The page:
At the low-end of AMD’s portfolio, the company uses Athlon Gold and Silver naming for parts that offer fewer cores and lower power consumption. These parts are still based on Zen or Zen+ microarchitecture, paired with a small amount of Vega graphics, indicating that this market is best served with something that is at a low-cost to manufacture but still of sufficient performance for the markets intended. Sitting below those Athlons, two new APUs have popped up in some new Lenovo education-focused designs today.

The two new processors dispense with the Athlon naming, as AMD gets right into it – the AMD 3015e and 3020e use the same lower case ‘e’ ending we last saw on a product line in 2011, indicating the super low power that these processors are rated for. These processors are given a TDP of 6W with two cores and Vega 3 graphics, traditionally what we see in low cost laptops but sufficient for education-style designs.

The silicon these new processors are based on, we believe, is AMD’s Dali silicon. It is the smallest of all AMD’s Zen APU silicon offerings, already in the market as AMD Athlon Mobile. These new parts come in below those specifications.

AMD Dali-based Zen APUs
AnandTech Cores
Athlon Gold 3150U 2 / 4 2400 3300 Vega 3 1000 2400 15 W
Athlon Silver 3050U 2 / 2 2300 3200 Vega 2 1100 2400 15 W
Athlon 300U 2 / 4 2400 3300 Vega 3 1000 2400 15 W
Athlon Silver 3050e 2 / 4 - 2800 Vega 3 1000 2400 6 W
AMD 3015e 2 / 4 1200 2300 Vega 3 600 1600 6 W
AMD 3020e 2 / 2 1200 2600 Vega 3 1000 2400 6 W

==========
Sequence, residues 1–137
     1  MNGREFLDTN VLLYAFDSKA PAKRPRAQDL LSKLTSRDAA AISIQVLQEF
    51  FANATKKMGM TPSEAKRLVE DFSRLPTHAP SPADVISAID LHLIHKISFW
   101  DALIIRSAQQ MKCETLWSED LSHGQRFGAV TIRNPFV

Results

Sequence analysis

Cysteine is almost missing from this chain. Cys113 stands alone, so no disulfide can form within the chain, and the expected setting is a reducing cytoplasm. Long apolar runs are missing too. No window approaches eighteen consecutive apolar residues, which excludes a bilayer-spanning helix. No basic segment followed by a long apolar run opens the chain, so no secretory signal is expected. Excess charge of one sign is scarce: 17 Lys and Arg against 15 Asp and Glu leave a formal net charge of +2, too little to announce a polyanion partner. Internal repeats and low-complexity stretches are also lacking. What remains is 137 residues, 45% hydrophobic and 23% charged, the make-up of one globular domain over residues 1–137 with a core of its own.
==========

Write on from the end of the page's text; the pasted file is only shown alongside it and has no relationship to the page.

If the set-up looks a bit odd, well, it is. The 3015e has simultaneous multi-threading but a much lower GPU frequency and DDR4 support compared to the 3020e. This might be the trade-off at the 6W power mode.

Lenovo is set to use the new AMD 3015e in two of its new education designs.

The Lenovo 100e 2nd Gen will use this new chip, Windows 10, Wi-Fi 6, 64 GB eMMC, 4 GB DDR4, an 11.6-inch 13x7 display (250 nits), but offer a hard wearing design suitable for bumps and scrapes as well as ~12 hours of battery life, with quick charging providing 80% power in an hour.

The Lenovo 300e 2nd Gen is a similar build but offers a 360-degree hinge, pen support, with an optional 128 GB SSD. Battery is 42 Wh, rated at ~12 hours.

The 100e will start at $219 and the 300e will start at $299, available from September. Both devices have a variety of student-focused software options focusing on teaching and security.

Source: AMD / Lenovo

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  • Tams80 - Wednesday, August 5, 2020 - link

    Those bezels aren't big enough to be impacting the display size in any meaningful way. Meanwhile, they provide better impact resistance, something to hold without activiting the display, and lower the costs.

    These are most likely going to be wheeled into classrooms on mobile charging trolleys, not carried around much other than from the trolley to a desk.

    They are tools, not fashion accesories.